If it does, you’ve probably
also felt like this: These are all symptoms of the debilitating,
traumatic disease of migraine, which, just to be clear: – is not just a headache. It’s a genetic, neurologic disease. It’s shockingly common, estimated to affect a billion
people around the world. – We need to treat migraine like a
large, global public health problem. But migraine research is critically underfunded. And there’s still a lot we don’t
know about why they happen and how best to treat them. – I feel like a cyborg. We spoke to doctors, researchers
and patients to learn more about the confounding disease of migraine and what it will take to truly find relief. I’m Molly Rubin. This is Quartz. Please subscribe to our channel. There are a lot of treatments for migraine. – And that’s another pulse. Neuromodulation devices stimulate
nerves to normalize brain function. – And we just turn it on. – It’s starting to get really sharp,
really tight, and really intense. – We’ll take it right off. Some people get dozens of shots of botox to the head every few months. Or inject anesthetics to
the nerves in their head. – It’s super uncomfortable,
I don’t know why I laugh. But these treatments don’t work for everyone. – I’ve been on the shots,
I’ve done the nasal spray. – I’ve tried probably a hundred
medicines at this point. And it’s hard to even find a doctor. There are less than 600 certified
headache specialists in the US. – Very often what we offer is hope. Dr. Alexander Mauskop specializes
in treating migraine. Yes, migraine, not migraines. It’s a disease people live with 24
hours a day, like asthma, not just during attacks. And it’s particularly hard to treat because
everyone experiences migraine differently, with a range of symptoms that are
maybe best described as paralyzing. – The World Health Organization
rates the disability of migraine during an attack
at the same level as the disability of a quadriplegic. – Of a quadriplegic person?
– Yes. The US economy alone loses $78 billion annually in lost labor and direct medical costs, thanks to migraine. A reliable, affordable, effective treatment without
crazy side effects would be a game changer. And last year, there was a breakthrough: a new class of drugs called CGRPs. They block a protein in the brain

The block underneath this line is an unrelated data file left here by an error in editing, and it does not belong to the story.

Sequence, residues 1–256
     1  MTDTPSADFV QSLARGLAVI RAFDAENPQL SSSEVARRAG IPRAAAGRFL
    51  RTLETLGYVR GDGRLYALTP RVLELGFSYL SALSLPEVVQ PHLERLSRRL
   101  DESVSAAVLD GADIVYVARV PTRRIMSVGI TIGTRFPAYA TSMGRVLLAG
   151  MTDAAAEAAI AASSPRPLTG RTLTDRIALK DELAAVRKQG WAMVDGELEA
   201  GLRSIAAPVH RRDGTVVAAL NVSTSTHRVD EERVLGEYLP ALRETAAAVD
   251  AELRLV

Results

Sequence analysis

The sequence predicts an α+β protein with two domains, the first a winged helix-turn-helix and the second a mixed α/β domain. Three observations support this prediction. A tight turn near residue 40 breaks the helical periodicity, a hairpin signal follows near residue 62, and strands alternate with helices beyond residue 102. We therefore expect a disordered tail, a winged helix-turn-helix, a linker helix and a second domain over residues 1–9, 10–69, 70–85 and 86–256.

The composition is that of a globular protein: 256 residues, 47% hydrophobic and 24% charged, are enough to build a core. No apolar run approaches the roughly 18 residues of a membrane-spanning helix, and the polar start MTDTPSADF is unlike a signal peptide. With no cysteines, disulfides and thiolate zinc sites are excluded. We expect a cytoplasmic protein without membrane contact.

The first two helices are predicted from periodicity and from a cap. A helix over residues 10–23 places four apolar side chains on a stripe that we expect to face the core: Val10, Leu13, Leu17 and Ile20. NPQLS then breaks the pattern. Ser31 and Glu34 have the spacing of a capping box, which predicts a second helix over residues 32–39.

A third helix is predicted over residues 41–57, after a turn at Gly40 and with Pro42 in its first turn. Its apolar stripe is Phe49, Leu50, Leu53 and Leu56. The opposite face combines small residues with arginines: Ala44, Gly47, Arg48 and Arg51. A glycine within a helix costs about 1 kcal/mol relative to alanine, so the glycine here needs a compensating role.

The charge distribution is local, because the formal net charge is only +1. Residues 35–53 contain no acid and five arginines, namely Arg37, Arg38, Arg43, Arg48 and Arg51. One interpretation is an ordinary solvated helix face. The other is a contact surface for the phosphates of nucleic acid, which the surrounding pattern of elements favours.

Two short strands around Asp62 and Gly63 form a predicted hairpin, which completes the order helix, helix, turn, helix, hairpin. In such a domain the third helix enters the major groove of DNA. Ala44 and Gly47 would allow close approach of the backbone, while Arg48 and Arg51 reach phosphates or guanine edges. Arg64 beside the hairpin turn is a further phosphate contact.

released during an attack, and they’re the first-ever preventative drug
developed specifically for migraine. – These are totally different drugs
from the ones we’ve had in the past. CGRPs are life changing… for some, but not for everyone. – I’m on my fourth month of Ajovy and it’s been a miracle drug for me. – For me, it’s had a very limited result. They work really well for about 20% of patients, but migraine impacts 1 in 7
people around the world. Those suffering need more. That’s the focus of researchers here,
at an Arizona campus of Mayo Clinic, this gleaming hospital in the middle of the desert at the forefront of migraine research. – So what do we know about what causes a migraine, and what don’t we know? – So we know that there are many different genes, over 30 genes, that are associated with migraine. We know that that there’s these correlations, but we don’t exactly know the
connections in between them. Dr. Starling is a neurologist
and headache specialist. She runs clinical trials and collaborates
closely with the Mayo lab. – Why is it that there’s still
so much we don’t know about migraine pathology and treatment? – So it all comes down to stigma. If a disease is not respected in the medical field, then it’s also not going to receive the
amount of research funding that it should. The National Institute of Health
is the biggest source of public funding for biomedical
research in the world. If you look at the funding migraine
receives compared to its burden, it’s way below the average. – Very little research is being funded
for a disease that is highly disabling. Migraine has a devastating impact. But it’s hard to get people to care
about a disease they can’t see, especially when almost three-quarters
of sufferers are women. – A common theme, unfortunately,
in a lot of disease processes that affect women disproportionately
is that we don’t have a lot of research. – When she told you about all this, did she have any idea what caused the headaches? – No, she believes she was born with them. Until the late 20th century, migraine was thought to
be a psychosomatic disease of hysterical women. – There’s an angry, frustrated woman. – It’s just, “Oh, women are weak. They’re complaining. They’re just laying in bed. They should just get to work and drink